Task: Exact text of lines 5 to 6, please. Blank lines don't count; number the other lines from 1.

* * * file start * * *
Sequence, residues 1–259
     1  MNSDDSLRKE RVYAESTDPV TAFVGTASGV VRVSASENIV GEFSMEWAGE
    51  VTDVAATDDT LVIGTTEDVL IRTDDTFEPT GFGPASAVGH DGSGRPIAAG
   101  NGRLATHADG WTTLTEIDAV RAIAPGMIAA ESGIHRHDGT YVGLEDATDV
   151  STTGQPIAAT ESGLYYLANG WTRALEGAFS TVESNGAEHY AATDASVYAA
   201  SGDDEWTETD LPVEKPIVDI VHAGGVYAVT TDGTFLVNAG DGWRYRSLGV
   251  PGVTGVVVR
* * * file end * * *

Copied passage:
   151  STTGQPIAAT ESGLYYLANG WTRALEGAFS TVESNGAEHY AATDASVYAA
   201  SGDDEWTETD LPVEKPIVDI VHAGGVYAVT TDGTFLVNAG DGWRYRSLGV